Or maybe even just;

 ‘Going out branniganing’ or simply just ‘BRANNIGANS. LOTS AND LOTS OF BRANNIGANS’.

I know what you’re thinking, and I’ll tell you what, I’m thinking the same thing too; Brannigan could change everything. At this moment in time, the word the national media tend to most frequently use for defining ‘going out for a few drinks’ is ‘binge’. Personally, I’m not really a fan of it. It sounds negative. And a word that makes our national pastime (getting pissed) sound negative is frankly not alright in my books. There’s also the fact that ‘binge’ might be one of the roughest words this side of Collins Dictionary Towers. It’s widely accepted that the only words in the English language more disconcerting and worrisome than Binge are; trough, moist, residue, gusset, and effusion. Binge is a bloody horrendous word.

Binge:

– to overdrink/overeat or eat immodestly; make a pig of oneself; "She stuffed herself at the dinner"; "The kids binged on ice cream."

It’s unpleasant. It makes drinking excessively seem like not a very nice thing to do and it when you say it out loud, it kind of sounds like the noise someone makes when they’re being sick.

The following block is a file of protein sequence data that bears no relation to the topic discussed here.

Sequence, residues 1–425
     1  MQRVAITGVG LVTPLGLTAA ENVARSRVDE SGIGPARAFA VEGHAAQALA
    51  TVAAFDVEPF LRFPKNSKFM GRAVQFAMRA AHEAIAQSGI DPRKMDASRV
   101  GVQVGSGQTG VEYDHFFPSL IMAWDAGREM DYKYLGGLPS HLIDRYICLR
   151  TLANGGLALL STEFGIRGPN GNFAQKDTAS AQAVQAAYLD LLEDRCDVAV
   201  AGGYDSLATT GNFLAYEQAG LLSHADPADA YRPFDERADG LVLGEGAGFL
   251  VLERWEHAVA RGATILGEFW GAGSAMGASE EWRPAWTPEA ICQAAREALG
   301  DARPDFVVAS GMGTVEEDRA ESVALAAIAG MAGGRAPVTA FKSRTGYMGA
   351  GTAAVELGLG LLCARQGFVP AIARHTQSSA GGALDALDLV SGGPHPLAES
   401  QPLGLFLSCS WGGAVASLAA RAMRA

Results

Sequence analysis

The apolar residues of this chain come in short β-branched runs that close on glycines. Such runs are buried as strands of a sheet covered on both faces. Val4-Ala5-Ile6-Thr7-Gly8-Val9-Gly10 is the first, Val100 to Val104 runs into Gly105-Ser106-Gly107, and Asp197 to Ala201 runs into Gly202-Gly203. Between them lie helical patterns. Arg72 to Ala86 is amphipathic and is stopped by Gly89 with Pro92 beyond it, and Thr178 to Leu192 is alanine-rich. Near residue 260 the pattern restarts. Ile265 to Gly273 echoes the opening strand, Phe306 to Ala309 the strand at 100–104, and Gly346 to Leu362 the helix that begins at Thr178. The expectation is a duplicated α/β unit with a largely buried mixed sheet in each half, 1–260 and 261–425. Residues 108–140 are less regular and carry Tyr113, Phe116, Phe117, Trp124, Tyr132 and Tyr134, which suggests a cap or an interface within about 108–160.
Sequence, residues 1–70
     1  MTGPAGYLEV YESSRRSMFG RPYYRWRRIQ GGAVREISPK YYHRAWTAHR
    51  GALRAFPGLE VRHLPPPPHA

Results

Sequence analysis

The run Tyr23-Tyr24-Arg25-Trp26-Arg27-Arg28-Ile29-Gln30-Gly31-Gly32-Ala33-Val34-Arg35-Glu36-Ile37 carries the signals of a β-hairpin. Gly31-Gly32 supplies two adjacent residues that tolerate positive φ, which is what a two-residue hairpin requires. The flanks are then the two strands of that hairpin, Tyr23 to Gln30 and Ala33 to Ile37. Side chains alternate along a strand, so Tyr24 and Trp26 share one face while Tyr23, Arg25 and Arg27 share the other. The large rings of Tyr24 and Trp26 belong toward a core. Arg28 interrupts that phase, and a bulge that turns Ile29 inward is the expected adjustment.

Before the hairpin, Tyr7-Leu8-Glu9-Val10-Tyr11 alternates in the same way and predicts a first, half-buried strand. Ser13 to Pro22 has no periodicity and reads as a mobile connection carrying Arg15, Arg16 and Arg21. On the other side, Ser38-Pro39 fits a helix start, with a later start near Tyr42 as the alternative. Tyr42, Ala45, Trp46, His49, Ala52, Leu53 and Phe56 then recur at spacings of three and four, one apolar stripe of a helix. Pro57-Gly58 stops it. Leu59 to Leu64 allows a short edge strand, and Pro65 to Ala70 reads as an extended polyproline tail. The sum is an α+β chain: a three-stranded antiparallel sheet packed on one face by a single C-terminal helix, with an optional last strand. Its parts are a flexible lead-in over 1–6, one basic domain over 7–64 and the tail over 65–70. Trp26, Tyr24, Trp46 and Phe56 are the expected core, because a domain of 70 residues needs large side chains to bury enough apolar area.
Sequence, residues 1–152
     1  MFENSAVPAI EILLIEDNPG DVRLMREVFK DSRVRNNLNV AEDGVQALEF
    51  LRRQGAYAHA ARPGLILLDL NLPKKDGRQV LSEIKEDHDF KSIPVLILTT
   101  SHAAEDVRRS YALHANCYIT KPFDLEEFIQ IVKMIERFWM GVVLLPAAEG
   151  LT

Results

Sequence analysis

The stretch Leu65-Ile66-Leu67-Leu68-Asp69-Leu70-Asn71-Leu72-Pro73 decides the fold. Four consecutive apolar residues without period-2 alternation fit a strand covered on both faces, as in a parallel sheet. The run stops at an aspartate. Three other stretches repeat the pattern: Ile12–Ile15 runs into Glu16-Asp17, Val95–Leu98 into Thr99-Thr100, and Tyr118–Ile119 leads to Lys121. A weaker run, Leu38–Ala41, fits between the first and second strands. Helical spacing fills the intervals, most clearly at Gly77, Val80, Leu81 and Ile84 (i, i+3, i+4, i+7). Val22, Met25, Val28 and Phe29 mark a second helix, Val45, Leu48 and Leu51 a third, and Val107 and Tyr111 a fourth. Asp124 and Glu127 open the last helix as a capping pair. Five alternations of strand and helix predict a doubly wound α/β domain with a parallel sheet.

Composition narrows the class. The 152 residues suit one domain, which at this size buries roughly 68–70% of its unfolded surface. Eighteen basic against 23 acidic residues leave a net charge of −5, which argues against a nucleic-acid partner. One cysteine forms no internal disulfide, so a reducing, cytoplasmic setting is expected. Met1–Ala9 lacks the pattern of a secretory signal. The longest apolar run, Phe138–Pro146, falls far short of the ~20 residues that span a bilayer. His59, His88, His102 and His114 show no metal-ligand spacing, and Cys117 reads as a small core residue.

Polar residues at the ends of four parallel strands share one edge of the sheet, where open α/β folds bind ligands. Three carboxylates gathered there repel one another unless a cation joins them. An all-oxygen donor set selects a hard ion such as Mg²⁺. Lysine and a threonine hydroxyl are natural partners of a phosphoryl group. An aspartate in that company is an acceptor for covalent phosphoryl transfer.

There’s only one reason I can imagine that the word ‘brannigan’ is still not around, and that’s that the great and powerful elders of the dictionary world have probably decided that we’ve got enough words that mean going for a crafty beverage or two. There’s only one thing for it; binge has to go. It’s dying out as it is; I can’t personally recall a time it came up in a conversation regarding anything apart from today’s Daily Mail front page. The swift swap of ‘binge’ for ‘brannigan’ would not only change our normal run-of-the-mill conversations, it would change the face of all English language journalism.

Articles like the one in the Daily Mirror on the 3rd of March entitled ‘Strippers, binge drinking and 'cheating' – have One Direction become grubby cliches?’ could become so much more. Sure, it’s not a bad headline as it is. Not a bad headline at all. But imagine if it was ‘Strippers, BRANNIGANS, and ‘cheating’ – have One Direction become grubby clichés?’ My god. Could you imagine such a world? It’s the sort of world you want your kids to grow up in. Maybe even your grandkids too. Or how about this article which recently appeared in The Daily Telegraph entitled ‘Boris Johnson condemns David Cameron's minimum alcohol price plans’ The lead-in is; Boris Johnson has criticised David Cameron's "regressive" plans to bring in a minimum alchohol (sic) price, saying it will not stop binge-drinking. Fine lead-in, we can all agree on that. But it could be better; Boris Johnson has criticised David Cameron’s “regressive” plans to bring in a minimum alcohol price, saying it will not stop BRANNIGANS. Is that a sentence or IS THAT A SENTENCE?